Looking back on four days of coming together to learn and exchange
From the 22nd to the 29th of May, the Viennese Klimacamp took place at the LobauBleibt protest camp in Hirschstetten. A week full of workshops, direct action, camping and conviviality unfolded under the trees of the park on Anfanggasse on the northern Bank of the Danube. Including: a 4-day degrowth summer school!
Fairytales of green growth [day1]
We kicked off the first day by getting to know our diverse group and testing our knowledge of economic (de)growth by positioning ourselves physically to show our thoughts in a ‚human barometer‘ game. We discovered that we shared a basic understanding of the economic system and the need for its complete overhaul. We discussed the role that economic growth takes in our economic system, how it came about as an all-encompassing measure for well-being and development and the problems with this focus. Many participants expressed frustration and sorrow at how the growth imperative permeates their personal lives. One wrote:
Others voiced a need for more work-life balance, feeling that they would be happier if they had more free time. Most agreed that happiness in itself is tough, if not impossible, to model. Clearly, a single indicator like the Gross Domestic Product (GDP) cannot measure how happy a country’s citizens are. More sophisticated attempts at measuring this have their faults too. As one participant pointed out: “It’s important to realize that the use of only one quantitative indicator, even such as the Human Development Index, is dangerous. It involves modeling and simplifying human lives to numbers. What model is acceptable? Who is affected by this error? Whose concerns are considered when designing this indicator?”.
Now what? The degrowth answer [day 2]
On the second day, the time had come for a much-awaited introduction to degrowth. What is degrowth about, why do we need it and what might proposals for making it reality look like? To answer these questions, we first had to dip our toes into ‚green growth‘ discourse and debunk the idea that we can decouple economic growth from environmental harm. We then racked our brains over the kind of policy proposals that could bring us closer to a degrowth future. These included:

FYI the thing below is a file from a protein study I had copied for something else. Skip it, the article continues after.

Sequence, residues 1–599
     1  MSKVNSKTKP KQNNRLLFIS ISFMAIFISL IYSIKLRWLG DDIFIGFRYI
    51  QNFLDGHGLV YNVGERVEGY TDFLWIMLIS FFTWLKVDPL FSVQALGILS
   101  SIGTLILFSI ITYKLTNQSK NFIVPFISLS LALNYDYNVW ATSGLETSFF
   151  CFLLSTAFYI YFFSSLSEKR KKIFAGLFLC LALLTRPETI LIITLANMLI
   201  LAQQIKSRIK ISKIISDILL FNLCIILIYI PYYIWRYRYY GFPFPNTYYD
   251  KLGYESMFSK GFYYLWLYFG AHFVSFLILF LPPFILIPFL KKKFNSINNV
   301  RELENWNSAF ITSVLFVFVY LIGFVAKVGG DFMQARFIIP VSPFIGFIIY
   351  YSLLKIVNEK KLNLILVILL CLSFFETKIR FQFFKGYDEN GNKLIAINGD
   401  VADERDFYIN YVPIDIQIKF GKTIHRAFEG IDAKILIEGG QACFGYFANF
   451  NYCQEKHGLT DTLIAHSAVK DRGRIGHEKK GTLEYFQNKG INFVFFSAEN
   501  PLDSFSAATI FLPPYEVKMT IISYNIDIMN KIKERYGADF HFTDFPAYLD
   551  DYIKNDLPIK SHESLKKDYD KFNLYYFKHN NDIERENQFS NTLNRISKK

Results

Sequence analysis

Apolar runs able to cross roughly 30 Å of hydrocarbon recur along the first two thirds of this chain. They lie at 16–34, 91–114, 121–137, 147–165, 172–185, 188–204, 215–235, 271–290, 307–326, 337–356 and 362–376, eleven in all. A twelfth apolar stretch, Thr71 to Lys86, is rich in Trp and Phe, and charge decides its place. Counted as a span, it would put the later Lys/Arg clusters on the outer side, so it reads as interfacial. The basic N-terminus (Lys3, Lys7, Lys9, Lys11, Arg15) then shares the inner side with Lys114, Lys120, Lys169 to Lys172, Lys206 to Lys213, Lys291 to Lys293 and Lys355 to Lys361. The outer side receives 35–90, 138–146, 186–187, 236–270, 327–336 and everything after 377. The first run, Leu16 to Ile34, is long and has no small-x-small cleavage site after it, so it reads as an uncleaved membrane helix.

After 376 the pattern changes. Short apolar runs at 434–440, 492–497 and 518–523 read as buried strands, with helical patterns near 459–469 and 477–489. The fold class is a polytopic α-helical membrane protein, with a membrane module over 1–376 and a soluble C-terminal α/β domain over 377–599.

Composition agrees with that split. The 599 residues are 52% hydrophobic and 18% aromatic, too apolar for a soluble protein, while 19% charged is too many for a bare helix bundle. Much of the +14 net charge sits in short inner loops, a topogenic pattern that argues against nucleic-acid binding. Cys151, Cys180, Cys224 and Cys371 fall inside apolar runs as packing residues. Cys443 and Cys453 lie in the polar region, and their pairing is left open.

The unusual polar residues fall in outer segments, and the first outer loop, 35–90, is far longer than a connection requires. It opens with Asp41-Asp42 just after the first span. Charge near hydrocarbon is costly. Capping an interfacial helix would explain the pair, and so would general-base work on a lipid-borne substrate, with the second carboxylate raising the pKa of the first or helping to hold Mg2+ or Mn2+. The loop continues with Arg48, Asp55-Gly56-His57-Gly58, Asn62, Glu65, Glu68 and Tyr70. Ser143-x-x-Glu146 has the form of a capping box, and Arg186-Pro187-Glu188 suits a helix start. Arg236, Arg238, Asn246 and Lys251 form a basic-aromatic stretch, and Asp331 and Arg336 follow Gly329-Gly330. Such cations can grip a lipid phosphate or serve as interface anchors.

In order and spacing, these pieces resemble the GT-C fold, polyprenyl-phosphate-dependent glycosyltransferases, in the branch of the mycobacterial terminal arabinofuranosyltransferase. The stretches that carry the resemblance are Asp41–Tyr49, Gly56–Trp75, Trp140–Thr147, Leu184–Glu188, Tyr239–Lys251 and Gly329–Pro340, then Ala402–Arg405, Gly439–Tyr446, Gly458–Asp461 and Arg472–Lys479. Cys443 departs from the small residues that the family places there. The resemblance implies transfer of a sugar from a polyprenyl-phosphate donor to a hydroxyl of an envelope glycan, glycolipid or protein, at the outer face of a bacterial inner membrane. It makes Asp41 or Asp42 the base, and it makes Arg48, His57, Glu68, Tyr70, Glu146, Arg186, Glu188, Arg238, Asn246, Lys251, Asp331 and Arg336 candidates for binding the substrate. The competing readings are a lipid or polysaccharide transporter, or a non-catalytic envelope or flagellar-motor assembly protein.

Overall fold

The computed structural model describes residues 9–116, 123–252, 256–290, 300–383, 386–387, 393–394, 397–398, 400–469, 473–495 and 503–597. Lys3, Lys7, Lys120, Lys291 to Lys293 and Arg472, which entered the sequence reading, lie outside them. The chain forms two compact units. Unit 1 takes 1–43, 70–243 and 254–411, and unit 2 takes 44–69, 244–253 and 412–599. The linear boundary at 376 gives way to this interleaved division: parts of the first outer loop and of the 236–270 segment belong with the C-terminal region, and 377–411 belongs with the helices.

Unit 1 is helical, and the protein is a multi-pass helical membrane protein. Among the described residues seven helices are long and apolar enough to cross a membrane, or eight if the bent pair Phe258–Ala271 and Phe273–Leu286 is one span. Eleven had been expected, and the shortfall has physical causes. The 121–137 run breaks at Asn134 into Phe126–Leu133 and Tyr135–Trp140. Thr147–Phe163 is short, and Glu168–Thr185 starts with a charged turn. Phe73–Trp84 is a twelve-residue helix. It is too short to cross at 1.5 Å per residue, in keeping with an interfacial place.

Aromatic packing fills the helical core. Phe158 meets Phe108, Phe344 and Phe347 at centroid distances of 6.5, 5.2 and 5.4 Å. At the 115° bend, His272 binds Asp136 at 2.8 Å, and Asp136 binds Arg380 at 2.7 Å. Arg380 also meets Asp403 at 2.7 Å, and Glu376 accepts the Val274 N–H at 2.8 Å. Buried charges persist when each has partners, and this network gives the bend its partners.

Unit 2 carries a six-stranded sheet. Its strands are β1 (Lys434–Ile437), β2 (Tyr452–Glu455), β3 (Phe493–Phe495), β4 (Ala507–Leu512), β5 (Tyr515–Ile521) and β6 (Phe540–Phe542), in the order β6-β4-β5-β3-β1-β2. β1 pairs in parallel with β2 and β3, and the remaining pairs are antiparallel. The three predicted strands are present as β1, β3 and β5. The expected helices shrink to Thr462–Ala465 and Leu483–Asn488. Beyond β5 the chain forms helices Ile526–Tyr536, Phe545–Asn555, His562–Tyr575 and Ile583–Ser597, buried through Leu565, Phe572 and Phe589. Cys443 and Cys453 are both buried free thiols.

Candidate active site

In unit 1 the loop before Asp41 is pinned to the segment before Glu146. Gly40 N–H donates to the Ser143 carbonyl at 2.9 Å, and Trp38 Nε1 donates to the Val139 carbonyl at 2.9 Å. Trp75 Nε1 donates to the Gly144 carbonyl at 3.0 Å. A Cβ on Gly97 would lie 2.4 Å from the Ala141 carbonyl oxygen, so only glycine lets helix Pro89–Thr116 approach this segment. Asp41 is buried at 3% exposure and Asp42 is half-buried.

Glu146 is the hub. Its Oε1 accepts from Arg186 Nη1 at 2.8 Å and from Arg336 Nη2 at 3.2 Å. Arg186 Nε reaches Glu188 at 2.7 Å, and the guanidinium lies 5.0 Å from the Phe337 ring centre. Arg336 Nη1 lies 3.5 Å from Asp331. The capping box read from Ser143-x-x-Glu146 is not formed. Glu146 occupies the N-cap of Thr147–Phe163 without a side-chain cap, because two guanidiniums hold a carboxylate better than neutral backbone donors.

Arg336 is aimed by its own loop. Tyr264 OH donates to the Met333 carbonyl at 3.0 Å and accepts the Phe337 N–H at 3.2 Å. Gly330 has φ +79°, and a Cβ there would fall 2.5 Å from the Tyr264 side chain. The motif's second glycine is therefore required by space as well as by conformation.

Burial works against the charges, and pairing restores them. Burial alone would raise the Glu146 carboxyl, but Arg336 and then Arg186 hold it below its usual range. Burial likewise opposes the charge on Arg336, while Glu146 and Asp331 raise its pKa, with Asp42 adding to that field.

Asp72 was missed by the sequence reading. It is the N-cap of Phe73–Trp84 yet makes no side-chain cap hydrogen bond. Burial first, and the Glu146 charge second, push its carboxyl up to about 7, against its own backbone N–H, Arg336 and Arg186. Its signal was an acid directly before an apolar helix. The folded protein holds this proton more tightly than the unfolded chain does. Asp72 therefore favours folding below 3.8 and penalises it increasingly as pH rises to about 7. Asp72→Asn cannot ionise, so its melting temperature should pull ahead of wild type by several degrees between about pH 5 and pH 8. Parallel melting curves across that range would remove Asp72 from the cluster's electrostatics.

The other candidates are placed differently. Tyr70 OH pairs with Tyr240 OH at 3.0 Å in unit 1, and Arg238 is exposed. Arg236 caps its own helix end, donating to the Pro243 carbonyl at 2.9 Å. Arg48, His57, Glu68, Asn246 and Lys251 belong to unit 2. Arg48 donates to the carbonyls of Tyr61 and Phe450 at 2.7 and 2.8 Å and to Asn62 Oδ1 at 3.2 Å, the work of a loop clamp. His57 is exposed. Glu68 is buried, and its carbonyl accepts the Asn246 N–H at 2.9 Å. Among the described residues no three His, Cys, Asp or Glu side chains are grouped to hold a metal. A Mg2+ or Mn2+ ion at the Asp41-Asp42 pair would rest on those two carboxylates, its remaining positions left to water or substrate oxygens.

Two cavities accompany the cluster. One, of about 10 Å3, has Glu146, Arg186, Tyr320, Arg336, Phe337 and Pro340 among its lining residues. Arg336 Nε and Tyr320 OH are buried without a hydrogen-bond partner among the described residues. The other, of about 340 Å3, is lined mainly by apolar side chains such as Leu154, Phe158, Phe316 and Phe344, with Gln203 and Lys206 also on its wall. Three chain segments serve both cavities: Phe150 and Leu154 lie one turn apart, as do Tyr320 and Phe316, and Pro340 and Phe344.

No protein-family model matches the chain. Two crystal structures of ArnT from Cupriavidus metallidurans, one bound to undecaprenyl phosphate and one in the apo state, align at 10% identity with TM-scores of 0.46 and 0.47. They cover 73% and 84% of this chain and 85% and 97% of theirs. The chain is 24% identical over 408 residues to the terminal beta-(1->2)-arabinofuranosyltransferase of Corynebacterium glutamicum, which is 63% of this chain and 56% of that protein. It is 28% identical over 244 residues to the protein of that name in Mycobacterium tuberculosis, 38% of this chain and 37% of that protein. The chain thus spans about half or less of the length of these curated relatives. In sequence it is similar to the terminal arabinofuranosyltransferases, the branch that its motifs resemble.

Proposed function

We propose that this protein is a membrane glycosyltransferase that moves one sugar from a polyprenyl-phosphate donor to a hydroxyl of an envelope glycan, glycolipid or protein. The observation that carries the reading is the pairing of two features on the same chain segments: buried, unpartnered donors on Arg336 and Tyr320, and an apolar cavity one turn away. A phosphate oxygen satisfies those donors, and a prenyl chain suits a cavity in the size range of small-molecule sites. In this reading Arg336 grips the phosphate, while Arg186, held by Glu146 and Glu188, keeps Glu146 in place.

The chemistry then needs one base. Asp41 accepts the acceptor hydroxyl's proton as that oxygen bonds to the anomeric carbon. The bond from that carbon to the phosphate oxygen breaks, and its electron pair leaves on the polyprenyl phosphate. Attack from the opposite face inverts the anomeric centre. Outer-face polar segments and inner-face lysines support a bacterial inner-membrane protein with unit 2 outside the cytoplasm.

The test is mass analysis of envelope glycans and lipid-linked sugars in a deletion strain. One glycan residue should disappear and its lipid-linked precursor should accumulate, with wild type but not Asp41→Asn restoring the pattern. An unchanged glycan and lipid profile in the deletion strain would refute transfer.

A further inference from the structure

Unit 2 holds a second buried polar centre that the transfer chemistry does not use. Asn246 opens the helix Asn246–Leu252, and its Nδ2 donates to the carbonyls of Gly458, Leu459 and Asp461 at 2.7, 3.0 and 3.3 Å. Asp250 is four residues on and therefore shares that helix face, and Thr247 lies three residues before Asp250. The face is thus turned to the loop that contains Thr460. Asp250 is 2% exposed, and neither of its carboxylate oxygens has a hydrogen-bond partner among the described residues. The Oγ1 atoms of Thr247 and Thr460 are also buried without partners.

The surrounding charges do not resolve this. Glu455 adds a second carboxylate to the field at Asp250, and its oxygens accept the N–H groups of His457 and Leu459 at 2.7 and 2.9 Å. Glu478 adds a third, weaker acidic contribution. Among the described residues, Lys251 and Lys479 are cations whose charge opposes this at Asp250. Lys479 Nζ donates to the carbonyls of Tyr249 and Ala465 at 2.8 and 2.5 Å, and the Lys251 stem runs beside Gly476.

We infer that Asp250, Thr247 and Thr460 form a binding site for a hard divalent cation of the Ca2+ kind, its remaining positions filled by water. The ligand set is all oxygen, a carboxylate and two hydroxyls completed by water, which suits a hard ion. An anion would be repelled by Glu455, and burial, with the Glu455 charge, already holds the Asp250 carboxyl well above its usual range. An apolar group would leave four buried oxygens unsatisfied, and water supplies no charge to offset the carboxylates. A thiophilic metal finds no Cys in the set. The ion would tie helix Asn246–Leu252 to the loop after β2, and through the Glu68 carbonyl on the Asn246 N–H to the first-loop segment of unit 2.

– End planned obsolescence
– Cancel debts
– Decommodify public goods and expand the commons
– Shift from ownership to usership
We tried to work out what good and bad consequences these policies would have for society and how the policies may interact among each other. For example: how might the measure ‚scale down ecologically destructive industries‘ affect employment, and what consequences does this have for quality of life? What other proposals like ‚a reduction of paid working hours‘ might be able to balance possible negative effects? This exercise showed us the complexity of implementing changes and spurred some very thoughtful discussion.
Getting there: strategy [day 3]
Day three was all about strategy. We looked into questions on what is keeping us from making changes, what kind of transformation models strategies can be divided into and what alternatives are already working on the good life for all. To answer the first question, we discussed the ‚imperial mode of living‘ and the relevance of mental infrastructures. Mental infrastructures is a concept to describe that the infrastructures of the world around us (like highways, free trade agreements, fossil fuels) do not just shape policies and business plans, they also shape us, as they live in our heads. We concluded that our lives are heavily shaped by mental infrastructures like competition, success, knowledge and productivity and that nearly all of these relate to our economies’ growth imperative. The things we would like more of, on the other hand, are about togetherness, solidarity, care for another, family and living a meaningful live.
But how can we get to such a utopian future? For this we need strategies. Building on Eric O. Wright and Degrowth Vienna’s forthcoming book ‚Degrowth & Strategy‘ we categorized the strategies underlying existing alternatives, ranging from radical direct actions, such as blocking coal mines and movements resisting extractive industries in the ‘Global South’, over strategies that aim at a transformation of institutions, to niche strategies such as local currencies, food and energy cooperatives and creative commons. Participants also shared their own examples of initiatives working on change. These were organizations they were active in or knew of, such as animal welfare organizations, citizens assisting stranded immigrants on the Polish-Belarus border, urban permaculture projects in Lisbon, Portugal, baby apparel sharing and anti-foodwaste initiatives.
Degrowth & the city [day 4]
The fourth and final day of the summer school was dedicated to applying degrowth to the city level. ‘What might a degrowth city look like?’ we asked ourselves. After introducing our take on the ‚Solidary Degrowth City‘ we shared about problems and projects in the cities we are from, many of which concerned the increasing inaccessibility of affordable housing. Then we took a ‘dream journey’, lying down in the grass, closing our eyes, and imagining to wake up in a degrowth future. We imagined what our surroundings looked like, what we would eat, how we would get from A to B, who were there with us. The drawings of our dreams showed lush green landscape, bicycles, laughter, community spaces, schools and art.
We want to thank all participants for the wonderful time together and the many insightful discussions and inspiring cooperation!